Advertisers have been drawn in like a moth to a flame by programmatic buying’s ability to increase ad spend return on investment and improve targeting. According to the IAB, in 2013, 28 per cent of the £1.86bn spent on display advertising in the UK was traded programmatically, and it has been forecast that the proportion will rise to 50 per cent in 2014. But while there’s no denying that the automated trading of ad space is a cost-efficient solution for advertisers, the process is plagued by transparency issues.
With real-time bidding (RTB), available ad space is entered onto a trading platform, and ads are bought and paid for in a matter of milliseconds. They are then delivered almost instantly, making it incredibly difficult for brands to track which adverts are placed where. More than 1.6bn ad impressions appear on illegal websites in the UK every year, including on unauthorised TV streaming sites. Unsuspecting brands are being aligned with illegal, copyright-infringing content, while ad budgets fund the very existence of these websites.
So how can advertisers protect themselves? A good place to start is the Infringing Websites List (IWL), developed by the Police Intellectual Property Crime Unit (PIPCU) for an initiative known as Operation Creative. The IWL is a list of copyright-infringing sites that have been through a stringent legal process and classified as acting illegally by UK authorities. In collaboration with industry bodies and tech providers, PIPCU is able to block adverts from appearing on the listed sites, and replace them with police warnings. In doing so, ad revenue is blocked and consumers are warned about the site’s illegality.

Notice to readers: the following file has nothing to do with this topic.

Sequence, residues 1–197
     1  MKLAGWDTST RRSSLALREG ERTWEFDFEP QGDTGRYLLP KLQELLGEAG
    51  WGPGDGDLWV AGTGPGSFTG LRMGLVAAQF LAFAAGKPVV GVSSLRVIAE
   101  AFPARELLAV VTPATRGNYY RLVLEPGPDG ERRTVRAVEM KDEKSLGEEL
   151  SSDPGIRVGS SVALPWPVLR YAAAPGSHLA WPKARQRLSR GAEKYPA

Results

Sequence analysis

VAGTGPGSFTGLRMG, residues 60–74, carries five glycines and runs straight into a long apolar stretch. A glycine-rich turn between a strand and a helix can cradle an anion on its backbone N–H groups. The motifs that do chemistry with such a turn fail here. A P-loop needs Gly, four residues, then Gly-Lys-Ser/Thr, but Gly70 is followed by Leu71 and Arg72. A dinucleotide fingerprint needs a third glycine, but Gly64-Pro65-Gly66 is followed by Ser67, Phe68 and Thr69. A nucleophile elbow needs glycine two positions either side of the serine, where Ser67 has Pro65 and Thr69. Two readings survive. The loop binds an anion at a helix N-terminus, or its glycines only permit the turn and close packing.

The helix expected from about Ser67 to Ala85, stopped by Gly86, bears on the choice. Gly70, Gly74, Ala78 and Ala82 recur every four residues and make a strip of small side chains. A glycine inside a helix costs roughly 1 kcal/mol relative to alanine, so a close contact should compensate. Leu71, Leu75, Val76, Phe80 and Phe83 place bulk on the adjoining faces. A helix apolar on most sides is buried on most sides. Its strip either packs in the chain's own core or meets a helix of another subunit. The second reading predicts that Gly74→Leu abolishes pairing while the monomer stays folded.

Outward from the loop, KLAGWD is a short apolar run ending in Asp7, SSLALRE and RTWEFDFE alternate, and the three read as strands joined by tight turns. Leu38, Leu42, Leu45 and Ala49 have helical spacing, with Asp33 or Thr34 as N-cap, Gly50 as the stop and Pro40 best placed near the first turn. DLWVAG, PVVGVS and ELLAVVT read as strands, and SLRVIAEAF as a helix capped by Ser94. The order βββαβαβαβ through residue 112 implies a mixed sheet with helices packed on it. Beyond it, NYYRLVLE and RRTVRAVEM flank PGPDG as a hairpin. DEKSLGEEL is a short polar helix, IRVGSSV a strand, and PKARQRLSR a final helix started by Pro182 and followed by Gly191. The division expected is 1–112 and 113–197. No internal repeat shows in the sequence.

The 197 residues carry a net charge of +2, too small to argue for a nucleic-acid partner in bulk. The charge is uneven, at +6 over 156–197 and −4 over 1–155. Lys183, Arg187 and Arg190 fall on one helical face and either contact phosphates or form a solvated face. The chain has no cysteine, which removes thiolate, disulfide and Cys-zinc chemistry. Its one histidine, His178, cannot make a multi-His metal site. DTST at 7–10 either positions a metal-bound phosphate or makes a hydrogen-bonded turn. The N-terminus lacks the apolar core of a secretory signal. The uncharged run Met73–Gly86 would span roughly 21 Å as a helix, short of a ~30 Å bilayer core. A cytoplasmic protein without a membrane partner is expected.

This is a step in the right direction for the digital advertising industry, and one that is proving to be effective. However, as with any thorough legal process, it takes time to inspect a site, validate that it is operating illegally and have the site added to the list. With thousands of pirate websites masquerading as legitimate publishers within RTB environments, advertisers are turning to technology to protect themselves from appearing on a far broader range of sites.
Content verification tools can identify websites as illegal based on more than 65 separate content classifications. Such tools not only scan the URL for indicators of illegal activity, but also website headers, code and page content. In doing so, it is possible to classify potential disreputable or pirate websites, and block ads from appearing on these sites in real-time.
Being able to define, identify and block sites based on these classifications enables marketers to stop their ads from appearing on any site, or beside any content, that could damage the brand’s reputation, or conflict with its business objectives. For example, if a music producer’s adverts are displayed on pirate sites, this contradicts the business model and is terrible PR.
Many agencies are now using content verification to protect their clients, which is helping to reduce the transparency issues that have been haunting digital advertising.
Programmatic buying has introduced new challenges for advertisers, but digital innovations are keeping pace with automation practices to ensure that brands are protected online. Although opacity and piracy won’t be tackled overnight, the industry, for the first time in nearly 20 years, has the ability to ensure that brands are getting exactly what they pay for. Ad budgets should no longer be going towards inappropriate or illegal placements.
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